Immigration Controller Dr Mohamed Ali has previously told Minivan News that while almost all foreign workers coming to the Maldives arrive under registered companies, some were finding themselves “illegally used” by employers due to “systematic abuse” of the visa system.
Foreign low-wage workers are often lured to the country by agents after paying a ‘recruitment’ fee or entering into debt – sometimes as high as several thousand dollars – that is shared between local agents and recruiters in the country of origin, most significantly Bangladesh.
In many cases the workers are then brought into the country ‘legitimately’ by a specially-created paper company, created using the ID of a complicit or unwitting Maldivian national, for the stated purpose of working on a ‘construction project’ of dubious existence.
Senior immigration sources confided to Minivan News in April this year that almost no human verification was undertaken by authorities to ensure workers were genuinely employed once a business or construction project was approved.
Ashraf this week confirmed that there had been “issues” in inspecting construction sites across both the country’s inhabited and resort islands due to a shortage of staff.
However, he claimed that by July 31, 2013, the Immigration Department was to begin inspecting construction and other projects requiring foreign labour with the assistance of local councils and key industry associations.
These groups are expected to include the Maldives Association of Tourism Industry (MATI) and the Maldives Association of Construction Industry (MACI), according to the Immigration Department.
Ashraf added that the government had recently approved the hiring of an additional 30 staff for the department in order to help oversee what is expected to be a comprehensive audit of the visa system. Officials would then move to penalise any abuse of the system by local employers.
The exact scale of the Maldives’ unregistered foreign workforce remains unknown, with estimates ranging from between around 40,000 people to potentially double that amount.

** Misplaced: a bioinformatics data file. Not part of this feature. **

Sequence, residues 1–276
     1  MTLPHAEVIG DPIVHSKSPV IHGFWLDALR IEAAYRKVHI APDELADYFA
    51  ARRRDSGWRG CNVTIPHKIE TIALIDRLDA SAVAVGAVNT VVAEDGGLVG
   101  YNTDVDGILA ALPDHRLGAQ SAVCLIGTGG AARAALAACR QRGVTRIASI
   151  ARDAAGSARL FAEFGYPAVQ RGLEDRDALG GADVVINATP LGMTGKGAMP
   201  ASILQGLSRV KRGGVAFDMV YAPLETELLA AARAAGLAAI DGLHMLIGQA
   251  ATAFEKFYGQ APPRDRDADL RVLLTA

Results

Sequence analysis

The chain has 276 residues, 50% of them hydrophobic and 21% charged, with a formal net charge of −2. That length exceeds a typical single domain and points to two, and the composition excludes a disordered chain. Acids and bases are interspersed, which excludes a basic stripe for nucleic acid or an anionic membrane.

Earlier this year, former MACI President Mohamed Ali Janah said an estimated 40 percent of the foreign employees in the construction sector were thought not to be legally registered.
Considering these numbers, Janah said at the time that he could not rule out the involvement of organised crime in certain employment agencies, which supply a large amount of foreign labour to building sites in the Maldives.
Janah claimed that 95 percent of construction groups operating in the country were Maldivian owned. However, as the country’s second largest industry on a GDP basis, the vast majority of employees in the sector were migrant workers, he said.
“We employ a huge workforce of some 60,000 to 70,000 people,” he explained at the time. “Of these people, sadly we have 40,000 to 50,000 who are expatriates.
By April of this year, Immigration Controller Dr Mohamed Ali confirmed that authorities had targeted the return of 10,000 unregistered workers by the end of the 2013.
The pledge to return a predetermined number of expatriates was criticised at the time by the Human Rights Commission of Maldives (HRCM), which raised concerns that some workers were potentially being punished for the actions of employers or agents acting outside the law.
While the government earlier this year launched a special campaign intended to raising awareness of the rights of foreign workers, NGOs and independent institutions continue to identify human trafficking as a significant issue needing to be addressed in the country.
Human rights groups in the Maldives have for instance continued to criticise both the present and former governments for failing to pass legislation that would allow authorities to press charges against individuals directly for the offence of human trafficking. The legal measures to do so are presently under review in parliament.